Three ideas for the Fed: seeking new ways to measure inflation.
High energy prices and high home prices have made mainstream America more skeptical that price stability has been achieved, despite a general view among economists that two decades of disinflation, globalization, and rising credibility at central banks has brought inflation close to zero. There are three ways the new Fed could improve its anti-inflation performance, which would also help bridge the gap between what the Fed sees and what workers often feel. First, the Fed should not treat the lower bound of its inflation reference range of 1 to 2 percent more rigidly than they treat the upper bound. Second, the Fed should adopt a new measure of goods and services inflation that more accurately captures trend inflation. And third, the Fed should incorporate rising asset and commodity prices more actively into its decision-making.
Since the middle of the 1990s, the U.S. economy has been marked by a high rate of productivity growth. Catching this trend before it showed tip in statistics was one of the great successes of the Greenspan Fed. High productivity means that it takes less labor to make the same goods--in other words things gets cheaper. An important question in such an environment is whether the downward pressure on the price of goods should be resisted with extraordinary policies by the central bank.
One argument for such a policy is that deflation provides consumers with an incentive to postpone purchases since the same product will be cheaper in the future. An examination of price data since 1997 shows that the United States has experience with deflation, although it's been concentrated in certain goods. Since the end of 1997, apparel prices have fallen 13 percent in aggregate, but nominal spending on apparel still rose over 34 percent in the same period. Consumer computer prices provide an even starker example. Over the same period, prices fell 89 percent, while nominal spending on computers still rose 56 percent.
If deflation becomes an economy-wide phenomenon, however, there are more serious concerns to worry about. Deflation raises the real cost of borrowing money and makes the real return on cash positive. Both provide an incentive to save more and spend less. So corrosive deflation, as Alan Greenspan once called it, is really a condition where a shift toward thrift happens at an inopportune time and sets off a downward spiral, reducing investment, employment, and output. This happens most frequently after an asset bubble has collapsed. Asset prices drop, lowering household net worth and consumer sentiment enough that aggregate demand drops and a recession ensues.
This is the general condition that started Japan's fifteen-year stagnation and is what leading policymakers in the United States feared, with reason, in the 2001 to early 2003 period. But these unique periods that require a central banker's version of overwhelming force are not a good guide for the long periods of normalcy that fortunately occupy most of our economic history. If the Fed is focused solely on creating positive inflation at a time that both productivity and aggregate demand are high, it will create too much liquidity as a byproduct. In such cases, the Fed could inadvertently contribute to asset bubbles that would be destabilizing over time. This has an important policy ramification: in certain situations the Fed may want to tolerate an inflation rate that deviates below its reference range for goods and service prices just as it occasionally tolerates rates above its range.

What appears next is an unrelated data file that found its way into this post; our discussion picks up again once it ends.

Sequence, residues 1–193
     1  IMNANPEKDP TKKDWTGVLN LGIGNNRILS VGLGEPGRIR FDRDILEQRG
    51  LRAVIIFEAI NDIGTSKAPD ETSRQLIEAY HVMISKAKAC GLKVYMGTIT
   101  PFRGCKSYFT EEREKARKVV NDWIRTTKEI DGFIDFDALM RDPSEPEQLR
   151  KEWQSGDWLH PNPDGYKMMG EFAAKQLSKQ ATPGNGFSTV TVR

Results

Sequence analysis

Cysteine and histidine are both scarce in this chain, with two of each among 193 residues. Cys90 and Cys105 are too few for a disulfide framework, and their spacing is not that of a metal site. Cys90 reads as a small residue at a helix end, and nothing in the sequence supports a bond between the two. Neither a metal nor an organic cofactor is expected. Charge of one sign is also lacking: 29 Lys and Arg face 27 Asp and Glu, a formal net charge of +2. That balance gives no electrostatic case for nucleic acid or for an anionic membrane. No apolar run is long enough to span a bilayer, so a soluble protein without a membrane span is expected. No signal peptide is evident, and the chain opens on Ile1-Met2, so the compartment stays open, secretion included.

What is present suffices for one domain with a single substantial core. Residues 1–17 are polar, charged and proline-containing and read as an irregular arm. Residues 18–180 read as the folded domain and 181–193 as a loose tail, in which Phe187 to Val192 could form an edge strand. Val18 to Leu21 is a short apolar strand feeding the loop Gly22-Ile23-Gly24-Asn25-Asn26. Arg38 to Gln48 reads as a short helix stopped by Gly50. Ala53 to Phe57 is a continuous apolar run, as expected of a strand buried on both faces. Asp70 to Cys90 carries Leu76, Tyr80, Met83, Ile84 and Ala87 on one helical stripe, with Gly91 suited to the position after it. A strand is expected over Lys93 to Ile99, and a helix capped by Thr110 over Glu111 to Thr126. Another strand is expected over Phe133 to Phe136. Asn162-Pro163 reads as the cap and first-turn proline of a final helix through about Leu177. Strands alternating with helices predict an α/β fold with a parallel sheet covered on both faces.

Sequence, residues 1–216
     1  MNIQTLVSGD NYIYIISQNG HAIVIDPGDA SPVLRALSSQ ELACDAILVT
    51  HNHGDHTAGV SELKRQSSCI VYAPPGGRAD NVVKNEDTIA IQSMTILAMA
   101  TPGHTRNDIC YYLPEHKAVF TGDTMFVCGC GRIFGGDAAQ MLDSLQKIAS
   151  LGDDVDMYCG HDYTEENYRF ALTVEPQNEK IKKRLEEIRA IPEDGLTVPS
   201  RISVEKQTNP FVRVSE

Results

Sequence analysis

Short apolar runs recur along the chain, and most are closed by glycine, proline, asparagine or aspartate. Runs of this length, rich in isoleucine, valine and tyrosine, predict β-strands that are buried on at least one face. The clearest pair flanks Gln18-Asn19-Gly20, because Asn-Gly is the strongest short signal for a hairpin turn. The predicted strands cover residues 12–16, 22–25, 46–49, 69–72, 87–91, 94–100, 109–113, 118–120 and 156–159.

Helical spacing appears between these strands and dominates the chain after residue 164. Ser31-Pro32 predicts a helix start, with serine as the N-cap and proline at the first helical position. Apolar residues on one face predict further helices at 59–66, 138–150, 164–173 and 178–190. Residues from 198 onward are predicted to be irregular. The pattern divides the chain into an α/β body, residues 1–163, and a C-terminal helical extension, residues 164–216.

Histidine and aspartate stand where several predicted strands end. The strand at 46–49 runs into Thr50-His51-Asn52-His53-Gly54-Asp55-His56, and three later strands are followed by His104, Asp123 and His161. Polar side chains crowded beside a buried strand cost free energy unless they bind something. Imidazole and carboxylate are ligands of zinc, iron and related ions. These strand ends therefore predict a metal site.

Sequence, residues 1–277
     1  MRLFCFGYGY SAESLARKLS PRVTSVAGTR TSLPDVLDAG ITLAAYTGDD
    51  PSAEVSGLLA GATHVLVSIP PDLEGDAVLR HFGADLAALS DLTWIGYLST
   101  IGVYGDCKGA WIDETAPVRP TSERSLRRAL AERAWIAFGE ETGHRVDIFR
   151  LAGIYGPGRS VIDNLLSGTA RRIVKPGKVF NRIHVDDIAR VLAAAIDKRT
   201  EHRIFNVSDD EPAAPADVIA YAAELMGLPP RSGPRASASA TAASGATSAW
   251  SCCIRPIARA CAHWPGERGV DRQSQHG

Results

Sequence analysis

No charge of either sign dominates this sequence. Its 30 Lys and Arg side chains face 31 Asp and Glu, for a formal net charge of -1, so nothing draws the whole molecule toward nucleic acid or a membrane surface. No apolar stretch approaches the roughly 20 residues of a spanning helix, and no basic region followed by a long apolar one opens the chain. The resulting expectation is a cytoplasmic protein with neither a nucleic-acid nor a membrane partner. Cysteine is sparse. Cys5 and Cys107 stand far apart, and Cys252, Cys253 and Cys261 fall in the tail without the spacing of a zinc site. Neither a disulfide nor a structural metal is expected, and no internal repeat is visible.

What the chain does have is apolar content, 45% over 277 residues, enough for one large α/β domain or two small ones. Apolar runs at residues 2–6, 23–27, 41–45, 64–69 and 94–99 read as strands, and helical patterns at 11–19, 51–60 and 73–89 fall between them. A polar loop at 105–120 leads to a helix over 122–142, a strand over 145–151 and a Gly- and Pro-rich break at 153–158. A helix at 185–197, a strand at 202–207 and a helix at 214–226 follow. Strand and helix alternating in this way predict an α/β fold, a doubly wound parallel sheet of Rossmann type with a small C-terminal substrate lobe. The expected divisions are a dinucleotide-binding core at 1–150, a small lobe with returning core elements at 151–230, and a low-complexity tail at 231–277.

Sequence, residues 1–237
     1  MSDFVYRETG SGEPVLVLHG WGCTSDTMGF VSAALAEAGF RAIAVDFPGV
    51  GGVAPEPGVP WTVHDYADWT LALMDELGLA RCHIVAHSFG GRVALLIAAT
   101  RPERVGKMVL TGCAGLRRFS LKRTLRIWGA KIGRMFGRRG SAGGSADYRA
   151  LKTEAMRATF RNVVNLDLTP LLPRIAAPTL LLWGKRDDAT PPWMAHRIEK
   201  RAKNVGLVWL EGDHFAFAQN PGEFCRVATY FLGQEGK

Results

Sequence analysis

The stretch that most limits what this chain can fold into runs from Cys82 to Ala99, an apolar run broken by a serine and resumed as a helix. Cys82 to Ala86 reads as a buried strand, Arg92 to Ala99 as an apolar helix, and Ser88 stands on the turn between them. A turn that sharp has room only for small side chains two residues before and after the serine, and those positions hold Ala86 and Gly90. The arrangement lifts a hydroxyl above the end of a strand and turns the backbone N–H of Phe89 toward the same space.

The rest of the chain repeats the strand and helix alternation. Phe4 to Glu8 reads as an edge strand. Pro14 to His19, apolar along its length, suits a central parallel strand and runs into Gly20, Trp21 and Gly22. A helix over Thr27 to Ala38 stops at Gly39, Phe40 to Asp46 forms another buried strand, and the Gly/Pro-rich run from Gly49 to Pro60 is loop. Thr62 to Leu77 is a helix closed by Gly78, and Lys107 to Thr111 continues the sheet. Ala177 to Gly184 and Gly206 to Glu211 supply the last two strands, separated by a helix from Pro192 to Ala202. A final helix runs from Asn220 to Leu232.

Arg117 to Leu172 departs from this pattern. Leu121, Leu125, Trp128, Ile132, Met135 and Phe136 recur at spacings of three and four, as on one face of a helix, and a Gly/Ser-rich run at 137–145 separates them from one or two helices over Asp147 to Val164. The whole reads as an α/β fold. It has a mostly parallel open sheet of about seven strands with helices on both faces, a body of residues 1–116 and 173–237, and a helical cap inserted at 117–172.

A second critical issue is whether the Fed and financial markets are following the best definition of inflation. Persistently higher energy prices have made the Fed's favorite inflation measure--personal consumption expenditures excluding food and energy--seem outdated. Energy prices have been excluded from most past inflation analysis because they are extremely volatile. But in recent years their prices have been marked more by an upward trajectory than stochastic volatility.
A better conceptual measure of inflation lies within the Federal Reserve System. The Dallas Fed produces a trimmed PCE price index that strips out the most volatile components every month, rather than simply excluding food and energy. As the Dallas Fed has explained, the system is similar to Olympic judging where both the high and low score are thrown out to improve accuracy. Over the second half of 2005, this measure has been running almost a half a percentage point higher than the core-PCE index. Importantly, during the deflation scare of 2003 this measure never fell below 1.5 percent on an annual basis--meaning it never dipped into the bottom half of the Fed's preferred 1 to 2 percent inflation range. On a three-month annualized basis, the trimmed measure only fell out of the Fed's range during one month while the traditional measure excluding food and energy fell below the range in three months. While the trimmed measure still strips out gasoline the majority of the time, it also strips out the price of goods that fall the most, like computer prices, leaving a more balanced measure.